Description of the project: The Seed Ball Project, launched by a women’s welfare association in Chennai, India, is a creative nature-based and social approach to stop deforestation. Trained rural women earn an income in producing seed balls out of gathered seeds and organic compost. Then “seed bombing” actions are carried out in 8 districts by 100 urban girls and women, in carefully selected areas with ideal growing conditions, so the seeds can flourish. Pupils join in throwing seed balls near their school and home during awareness campaigns. The broad public responds very positively to the project and helps to nurture the growing plants.
Climate impact: With a good growth rate the bombed seeds can curtail the effects of deforestation, reducing the carbon footprint, improving the water table and preserving biodiversity. The plant and tree seeds and the types of land and soil are carefully chosen to optimize results in different ecosystems. A tree is estimated to absorb about 22 kg of CO2 in one year. With 1500 seed balls dispersed since 2017, the association calculates that up to 33 tons of CO2 could be absorbed in one year by the grown trees. One variety of selected plants, Tulsi, are fully grown and release oxygen for 20 hours per day. They also have medicinal properties.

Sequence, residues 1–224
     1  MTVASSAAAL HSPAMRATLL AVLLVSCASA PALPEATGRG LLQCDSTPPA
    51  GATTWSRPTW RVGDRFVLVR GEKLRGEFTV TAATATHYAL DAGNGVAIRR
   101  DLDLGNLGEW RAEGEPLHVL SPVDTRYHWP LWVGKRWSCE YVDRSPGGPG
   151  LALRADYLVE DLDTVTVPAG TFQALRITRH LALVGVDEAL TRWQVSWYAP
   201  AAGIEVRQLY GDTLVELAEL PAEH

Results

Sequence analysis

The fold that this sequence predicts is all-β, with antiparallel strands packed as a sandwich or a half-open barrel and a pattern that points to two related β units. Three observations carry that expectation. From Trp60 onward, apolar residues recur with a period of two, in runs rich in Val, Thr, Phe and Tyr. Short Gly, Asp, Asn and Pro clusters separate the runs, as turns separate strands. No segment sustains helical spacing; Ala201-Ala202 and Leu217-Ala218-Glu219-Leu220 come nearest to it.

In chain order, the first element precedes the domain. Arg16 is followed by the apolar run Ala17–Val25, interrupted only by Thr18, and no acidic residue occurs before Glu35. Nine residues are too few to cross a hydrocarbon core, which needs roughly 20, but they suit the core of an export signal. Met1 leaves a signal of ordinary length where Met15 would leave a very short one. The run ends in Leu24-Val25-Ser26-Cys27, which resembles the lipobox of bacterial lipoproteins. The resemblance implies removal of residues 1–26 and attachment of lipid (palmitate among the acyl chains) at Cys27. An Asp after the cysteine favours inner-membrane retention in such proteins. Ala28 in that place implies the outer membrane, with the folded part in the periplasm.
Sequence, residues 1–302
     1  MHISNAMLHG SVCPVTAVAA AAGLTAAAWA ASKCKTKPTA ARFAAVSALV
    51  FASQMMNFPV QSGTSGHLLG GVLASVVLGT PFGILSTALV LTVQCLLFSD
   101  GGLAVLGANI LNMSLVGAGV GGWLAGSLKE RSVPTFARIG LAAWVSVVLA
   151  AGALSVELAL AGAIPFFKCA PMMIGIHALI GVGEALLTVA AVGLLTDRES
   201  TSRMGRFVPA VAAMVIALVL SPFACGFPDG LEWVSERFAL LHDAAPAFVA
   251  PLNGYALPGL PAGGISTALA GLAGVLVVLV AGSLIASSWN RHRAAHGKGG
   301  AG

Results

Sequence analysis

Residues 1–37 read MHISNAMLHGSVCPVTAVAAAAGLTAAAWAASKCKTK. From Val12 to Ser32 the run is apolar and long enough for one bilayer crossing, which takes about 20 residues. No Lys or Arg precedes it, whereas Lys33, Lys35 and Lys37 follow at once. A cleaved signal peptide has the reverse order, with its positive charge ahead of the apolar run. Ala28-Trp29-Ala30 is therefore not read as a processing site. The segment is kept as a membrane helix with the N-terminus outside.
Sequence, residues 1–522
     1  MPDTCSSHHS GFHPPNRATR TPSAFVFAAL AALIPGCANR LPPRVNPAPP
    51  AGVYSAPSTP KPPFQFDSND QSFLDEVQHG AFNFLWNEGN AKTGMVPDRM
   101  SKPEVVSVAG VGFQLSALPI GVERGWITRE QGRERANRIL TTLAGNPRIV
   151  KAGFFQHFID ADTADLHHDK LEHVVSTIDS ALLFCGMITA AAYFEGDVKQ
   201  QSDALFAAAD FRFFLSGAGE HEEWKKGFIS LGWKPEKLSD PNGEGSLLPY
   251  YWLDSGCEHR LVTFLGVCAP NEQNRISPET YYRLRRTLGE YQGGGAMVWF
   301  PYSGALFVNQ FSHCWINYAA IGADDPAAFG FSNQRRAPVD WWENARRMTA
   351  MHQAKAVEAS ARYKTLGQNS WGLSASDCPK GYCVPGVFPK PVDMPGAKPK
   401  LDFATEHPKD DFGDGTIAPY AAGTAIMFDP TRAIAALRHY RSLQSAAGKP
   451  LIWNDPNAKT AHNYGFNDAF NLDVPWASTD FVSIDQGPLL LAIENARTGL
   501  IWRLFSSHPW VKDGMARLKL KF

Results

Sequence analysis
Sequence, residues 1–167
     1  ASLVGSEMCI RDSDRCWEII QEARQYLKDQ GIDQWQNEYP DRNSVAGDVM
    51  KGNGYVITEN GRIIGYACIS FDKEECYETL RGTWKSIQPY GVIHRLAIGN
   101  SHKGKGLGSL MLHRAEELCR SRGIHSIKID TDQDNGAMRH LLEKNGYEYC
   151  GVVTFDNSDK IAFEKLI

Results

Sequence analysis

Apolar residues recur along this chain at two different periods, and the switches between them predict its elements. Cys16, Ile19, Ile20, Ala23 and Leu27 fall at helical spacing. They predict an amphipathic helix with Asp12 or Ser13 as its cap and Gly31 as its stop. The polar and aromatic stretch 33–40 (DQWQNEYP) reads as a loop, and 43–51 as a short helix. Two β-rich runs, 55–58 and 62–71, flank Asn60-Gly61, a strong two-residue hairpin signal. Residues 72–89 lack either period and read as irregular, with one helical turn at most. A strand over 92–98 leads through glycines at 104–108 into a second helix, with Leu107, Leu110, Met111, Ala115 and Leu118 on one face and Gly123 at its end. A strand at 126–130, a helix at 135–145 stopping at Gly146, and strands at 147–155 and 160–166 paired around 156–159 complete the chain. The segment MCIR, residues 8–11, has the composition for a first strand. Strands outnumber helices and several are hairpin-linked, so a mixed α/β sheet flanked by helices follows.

Gender impact: This pilot project generated sustainable income sources for 10 rural and 50 urban women. In rural areas, women gain skills in manufacturing and selling organic compost, and in urban settlements, women have learned how to produce wide varieties of seed balls, according to season and soil type, as well as to select adapted ecosystems for seed ball bombing. The beneficiaries have access to jobs and have become economic contributors to their families. These socially active and responsible women have inspired many others to reconstruct a livable space in their community.
Scalability: This project is easy to replicate and upscale, since it is based on a very simple technique with local natural materials, and with minimum human intervention for the seed balls to grow. Sanju Women’s Welfare Association has mobilized school institutions and the general public. The project is currently running at state-level in Tamil Nadu and could be extended in other states, with proper planning and mobilization. A team has been established to follow up on the growing seeds, monitor and report on the impact.